Dr. Karma Sawyer

Program Manager of Emerging Technologies

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Dr. Karma Sawyer is the program manager for the Emerging Technologies (ET) program with the Department of Energy’s Building Technologies Office (BTO). Dr. Sawyer oversees a diverse portfolio of research and development (R&D) program areas, with the goal of developing cost-effective, energy-efficient high-impact building technologies. Dr. Sawyer’s dynamic team supports the development of innovative solutions and technologies with partners across academia, national labs, small businesses and industry in heating, ventilation, and air conditioning (HVAC), windows and envelope, sensors and controls, solid-state lighting, transactive controls and building energy modeling.

Dr. Sawyer originally joined DOE in 2010 as an ARPA-E fellow, where she performed technical, environmental, and economic assessment of CO2 capture, utilization, and sequestration, methods for direct natural gas to liquids conversion and thermal storage. She later took over as an assistant program director, responsible for ARPA-E’s capture portfolio. She joined the Emerging Technologies team in BTO in 2013 as the technology manager for the Windows and Envelope subprogram and later took on an additional role as the Technology Analysis and Commercialization manager for ET. Within BTO, Dr. Sawyer was responsible for BTO’s Technology-to-Market Initiative, Small-Business Vouchers Program, and U.S.-China Clean Energy Research Center for Building Energy Efficiency and the Partnership to Advance Clean Energy (PACE) joint R&D program with India. Prior to joining DOE, Dr. Sawyer worked as a postdoctoral scholar in the Department of Mechanical Engineering at the University of California, Berkeley, where she studied phonon localization in silicon nanowires for thermoelectric applications and direct air CO2 capture as a member of the editorial committee for a technology assessment for the American Physical Society Panel on Public Affairs. In addition to energy-efficient building technologies, Dr. Sawyer is interested in gas separation materials and processes for energy applications and thermochemical and thermophysical energy storage.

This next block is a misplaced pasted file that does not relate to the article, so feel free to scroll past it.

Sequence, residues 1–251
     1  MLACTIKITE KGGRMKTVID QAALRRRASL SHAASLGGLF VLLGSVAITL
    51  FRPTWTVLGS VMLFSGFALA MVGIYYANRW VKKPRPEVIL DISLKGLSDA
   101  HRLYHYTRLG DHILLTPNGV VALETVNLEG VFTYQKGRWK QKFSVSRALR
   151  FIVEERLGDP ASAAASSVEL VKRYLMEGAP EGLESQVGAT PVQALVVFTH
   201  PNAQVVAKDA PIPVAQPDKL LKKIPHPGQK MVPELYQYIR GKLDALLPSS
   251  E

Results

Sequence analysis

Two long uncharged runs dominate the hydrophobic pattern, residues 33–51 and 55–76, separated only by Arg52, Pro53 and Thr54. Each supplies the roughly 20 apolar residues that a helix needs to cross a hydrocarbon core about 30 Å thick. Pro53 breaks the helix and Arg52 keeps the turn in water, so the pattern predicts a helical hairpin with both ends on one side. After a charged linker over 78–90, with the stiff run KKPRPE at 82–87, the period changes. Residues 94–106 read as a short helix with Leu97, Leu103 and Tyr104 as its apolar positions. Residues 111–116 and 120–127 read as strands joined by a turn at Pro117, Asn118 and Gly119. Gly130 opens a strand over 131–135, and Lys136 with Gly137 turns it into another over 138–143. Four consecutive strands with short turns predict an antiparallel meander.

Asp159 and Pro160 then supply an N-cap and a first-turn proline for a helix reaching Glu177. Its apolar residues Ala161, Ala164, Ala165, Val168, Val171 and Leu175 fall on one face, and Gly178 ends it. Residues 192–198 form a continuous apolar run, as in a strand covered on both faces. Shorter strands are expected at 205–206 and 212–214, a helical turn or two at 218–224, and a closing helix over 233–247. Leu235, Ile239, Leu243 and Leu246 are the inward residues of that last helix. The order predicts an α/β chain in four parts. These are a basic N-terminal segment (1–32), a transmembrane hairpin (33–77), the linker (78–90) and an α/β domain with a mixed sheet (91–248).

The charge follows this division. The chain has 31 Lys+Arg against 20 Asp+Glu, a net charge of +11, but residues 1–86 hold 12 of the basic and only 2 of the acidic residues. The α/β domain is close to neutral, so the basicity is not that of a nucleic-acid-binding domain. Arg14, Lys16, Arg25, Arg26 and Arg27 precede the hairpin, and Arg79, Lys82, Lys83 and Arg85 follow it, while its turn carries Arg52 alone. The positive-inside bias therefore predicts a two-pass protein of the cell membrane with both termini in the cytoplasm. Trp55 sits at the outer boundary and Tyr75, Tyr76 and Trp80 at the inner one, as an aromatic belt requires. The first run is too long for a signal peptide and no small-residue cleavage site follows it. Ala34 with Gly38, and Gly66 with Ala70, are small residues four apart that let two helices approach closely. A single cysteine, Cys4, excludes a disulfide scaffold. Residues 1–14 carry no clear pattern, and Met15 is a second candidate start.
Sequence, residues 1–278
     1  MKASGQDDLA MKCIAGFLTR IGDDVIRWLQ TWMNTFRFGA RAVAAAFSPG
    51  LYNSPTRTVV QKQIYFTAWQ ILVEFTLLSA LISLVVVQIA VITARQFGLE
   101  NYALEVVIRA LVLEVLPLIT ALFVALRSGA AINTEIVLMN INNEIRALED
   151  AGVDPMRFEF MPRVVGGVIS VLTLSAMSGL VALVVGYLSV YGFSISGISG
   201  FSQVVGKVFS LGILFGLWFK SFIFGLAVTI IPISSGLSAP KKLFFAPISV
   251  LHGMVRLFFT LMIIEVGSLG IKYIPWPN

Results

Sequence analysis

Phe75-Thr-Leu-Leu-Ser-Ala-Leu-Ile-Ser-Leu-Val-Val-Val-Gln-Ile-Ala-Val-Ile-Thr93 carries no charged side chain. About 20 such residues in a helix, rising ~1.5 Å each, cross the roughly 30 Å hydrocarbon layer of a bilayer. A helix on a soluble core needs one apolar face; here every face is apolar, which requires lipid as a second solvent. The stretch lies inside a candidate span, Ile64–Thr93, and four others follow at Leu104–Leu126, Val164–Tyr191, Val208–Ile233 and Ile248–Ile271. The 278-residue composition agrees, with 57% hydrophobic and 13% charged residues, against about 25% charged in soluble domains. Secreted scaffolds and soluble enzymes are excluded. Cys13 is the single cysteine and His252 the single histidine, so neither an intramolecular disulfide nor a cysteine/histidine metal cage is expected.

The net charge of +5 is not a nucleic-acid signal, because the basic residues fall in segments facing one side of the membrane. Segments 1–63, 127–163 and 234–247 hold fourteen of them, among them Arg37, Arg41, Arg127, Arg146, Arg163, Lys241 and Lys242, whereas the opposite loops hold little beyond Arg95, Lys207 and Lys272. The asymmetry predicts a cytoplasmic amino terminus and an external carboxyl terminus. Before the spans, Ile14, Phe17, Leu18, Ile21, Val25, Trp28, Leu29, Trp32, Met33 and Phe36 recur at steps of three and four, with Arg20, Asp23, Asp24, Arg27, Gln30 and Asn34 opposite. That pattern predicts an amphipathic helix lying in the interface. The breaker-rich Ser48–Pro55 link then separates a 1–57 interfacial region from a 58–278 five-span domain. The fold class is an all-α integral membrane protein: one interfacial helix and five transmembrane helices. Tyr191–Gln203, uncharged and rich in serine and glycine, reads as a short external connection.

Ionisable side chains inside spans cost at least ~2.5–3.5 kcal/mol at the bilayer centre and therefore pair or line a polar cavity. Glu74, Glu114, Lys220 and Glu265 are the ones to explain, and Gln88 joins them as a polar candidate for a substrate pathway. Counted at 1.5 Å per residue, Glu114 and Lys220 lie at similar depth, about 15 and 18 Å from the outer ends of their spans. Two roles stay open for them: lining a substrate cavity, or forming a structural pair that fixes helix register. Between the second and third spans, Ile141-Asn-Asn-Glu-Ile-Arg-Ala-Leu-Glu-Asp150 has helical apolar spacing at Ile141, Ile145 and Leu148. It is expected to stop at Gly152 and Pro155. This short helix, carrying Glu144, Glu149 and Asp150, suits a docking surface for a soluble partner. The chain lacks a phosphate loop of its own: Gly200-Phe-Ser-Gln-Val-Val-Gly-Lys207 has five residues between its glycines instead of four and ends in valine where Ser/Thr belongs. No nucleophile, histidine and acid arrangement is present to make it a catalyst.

Dr. Sawyer was named a AAAS Science and Technology Policy fellow at ARPA-E (2010) and a fellow at the American Chemical Society-Petroleum Research Fund Summer School as part of the "Probing Dynamics of Liquids and Biomolecules" program (2006). She has authored 10 publications and 15 conference proceedings in the areas of energy, physical chemistry, and materials science. She received a B.S. with honors in chemistry from Syracuse University and a Ph.D. in chemistry from the University of California at Berkeley in 2008, focusing on spin-crossover dynamics and homogeneous catalysis reactions using ultrafast infrared spectroscopy and density functional theory (DFT) calculations.

Most Recent

A Look Back at 2017: Highlights from the Emerging Technologies Program
January 10, 2018
We live in an exciting time for energy efficiency and for technological innovation.
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What to Expect When BTO Heads to Energy Exchange 2017!
August 10, 2017
The Energy Department’s Energy Exchange is just around the corner!
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Architect Magazine Celebrates AMIE in 2017 R+D Awards
July 31, 2017
Architect Magazine, the journal of the American Institute of Architects, recently awarded a 2017 R+D Award to AMIE, or the Additive Manufacturing
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Systems Efficiency Gains Steam
May 11, 2017

In the building efficiency world, we do hold a deep appreciation and growing interest in how the many complex interactions of individual...

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Connected Thermostats Offer Gateway for Increasing Energy Savings
December 21, 2016
Connected thermostats allow people to remotely monitor and control their home’s heating and cooling equipment, changing how many Americans manage thei
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Energy Department Launches Crowdsourcing Community to Bring More Innovators into the Mix
June 17, 2016

The Energy Department is piloting a new crowdsourcing community where any American citizen can submit their innovative ideas for improving building...

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What Makes AMIE, the 3D printed home and vehicle, unique?
February 22, 2016

AMIE, or the Additive Manufacturing Integrated Energy project, is one of the world’s first 3D printed houses. But it’s not just a house. It’s also...

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Building Technologies Office Challenges National Labs to Rethink Market Engagement Strategy
December 10, 2015
The Energy Department’s Building Technologies Office (BTO) is taking steps to prevent technologies developed in a laboratory from failing to succ...
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New Rating System for Enhancing Window Energy Performance
May 18, 2015

Window attachments, such as awnings, shutters, drapes, and solar shades, are often used for cosmetic purposes and to help control the amount of...

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